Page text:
Thursday, September 27, 2012

Who Was the Last Revolutionary War Soldier to Die?

I listened to the interview of Maureen Taylor (The Photo Detective) on Marian Pierre-Louis' Fieldstone Common blog talk radio show today (The Last Muster with Maureen Taylor, the Photo Detective), and enjoyed it immensely.  You can listen to it also, here, at any time!

Maureen, of course, has written several books, including The Last Muster, which has photographs and stories of Revolutionary War soldiers and their families.  amazingly, some of these soldiers survived for over 80 years after the end of the war, and had their pictures, or portraits, taken and it is these photographs that Maureen has collected and printed in her book.  A second volume of The Last Muster will be published soon.

During the broadcast, Maureen noted that the "last" Revolutionary War soldiers lived well past 1860, which would mean an 18-year-old in 1783 would be age 95 in 1860, and 105 in 1870.

I did a search on Google using the search terms "last soldier" 'revolutionary war" and found several web sites that had pictures and descriptions of the "last soldier of the Revolutionary War, including:

1)  Wikipedia lists four:
  • Daniel Bakeman (1759–1869) — Claimed to be veteran and was awarded pension by Congress, though could not prove service.
  • John Gray (1764–1868) — Last verifiable veteran although service period was too short for pension qualification.
  • Samuel Downing (1764–1867)
  • Lemuel Cook (1759–1866) — Last official veteran.
Another man, George Fruits (supposedly 1762-1876) claimed to be the last surviving soldier, but he apparently was born in 1779, and his father's war service has been conflated with him.

2)  An article and picture of Lemuel Cook is available at

3)  A long sketch, including a photograph, of John Gray is in the book, Private Dalzell, his Autobiography, Poems and Comic War Papers, on Google Books (photo on page 188, sketch starts on page 189).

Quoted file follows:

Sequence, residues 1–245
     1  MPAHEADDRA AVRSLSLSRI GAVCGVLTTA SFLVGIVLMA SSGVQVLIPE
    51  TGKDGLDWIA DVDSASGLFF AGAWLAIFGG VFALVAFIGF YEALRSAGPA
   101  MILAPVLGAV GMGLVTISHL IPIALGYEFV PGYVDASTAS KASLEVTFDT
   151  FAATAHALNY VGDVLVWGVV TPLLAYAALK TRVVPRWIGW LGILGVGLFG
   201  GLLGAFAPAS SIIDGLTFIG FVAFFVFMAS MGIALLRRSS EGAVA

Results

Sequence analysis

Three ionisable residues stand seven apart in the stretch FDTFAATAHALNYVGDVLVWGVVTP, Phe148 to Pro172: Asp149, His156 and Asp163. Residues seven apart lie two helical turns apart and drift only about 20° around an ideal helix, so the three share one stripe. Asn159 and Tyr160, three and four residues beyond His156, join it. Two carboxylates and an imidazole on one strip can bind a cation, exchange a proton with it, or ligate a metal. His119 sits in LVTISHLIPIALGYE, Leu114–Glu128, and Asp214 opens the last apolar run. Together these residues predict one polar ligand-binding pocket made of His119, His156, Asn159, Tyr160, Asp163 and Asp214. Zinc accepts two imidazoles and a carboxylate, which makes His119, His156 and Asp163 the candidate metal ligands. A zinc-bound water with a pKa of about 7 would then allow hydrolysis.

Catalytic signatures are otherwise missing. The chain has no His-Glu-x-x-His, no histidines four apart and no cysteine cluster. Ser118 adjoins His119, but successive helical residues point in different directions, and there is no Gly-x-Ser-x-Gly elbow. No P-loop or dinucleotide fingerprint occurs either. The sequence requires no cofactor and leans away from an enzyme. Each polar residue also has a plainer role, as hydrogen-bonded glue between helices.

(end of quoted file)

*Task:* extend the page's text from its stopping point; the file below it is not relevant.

4)  A newspaper article about Daniel Frederick Beakman [the Bakeman above] appeared in the Bostom [Mass.] Journal newspaper on 20 April 1869, page 4 (accessed on titled "Death of the Last Soldier of the Revolution."  The last paragraph of the article says: 

"Mr. Beakman had voted at every Presidential election since the organization of the Government, casting his first vote for Washington and his last for Gen. Grant."

5)  The Cincinnati (Ohio) Commercial Tribune newspaper pubnlished an article on 12 June 1869 (accessed on on page 8, titled "The Last Soldiers of the American Revolution - At Least One Survivor to England."  A transcription of a portion of the article says:

"...a response appeared in the [London] Times from a gentleman in Bath, who stated that a drummer who served in the Sixty-Second British Regiment in the war of the Revolution, is still living in that town at the age of one hundred and five years, that he was very feeble and unable to feed himself, that his pension was only six pence a day, but no argument could persuade him to go to the Union or the poor house.... His name is Jonathan Reeves and whether he is the last surviving British soldier that served in the Revolutionary War is not yet certain, for others still living may be announced in the Times, as some interest seems to be excited by the subject."

I searched through GenealogyBank and the NewspaperARCHIVES collection on and did not see other newspaper articles dated after 1869.

During the radio broadcast, Maureen stated that the last soldier who served in the Revolutionary War died in 1872, but she did not provide the name.  Apparently, he will be included in the second volume of The Last Muster.  It will be interesting to see who she identifies as the last soldier who served in the Revolutionary War.

Copyright (c) 2012, Randall J. Seaver


bgwiehle said...

Don't forget the "Hessians". I don't know how one would determine the last survivor in this group, but in March 2012, the Staatsarchiv Marburg announced they had digitized their collection of biographies and other documents related to Germans who fought in America.
Article at
Database at

The Photo Detective said...

Thank you Randy! The men you mentioned are in volume 1.

Anne said...

My 5th great-grandfather, James Barham, is reported to have been one of the last as well, at least in Missouri. He died in 1864 at age 101.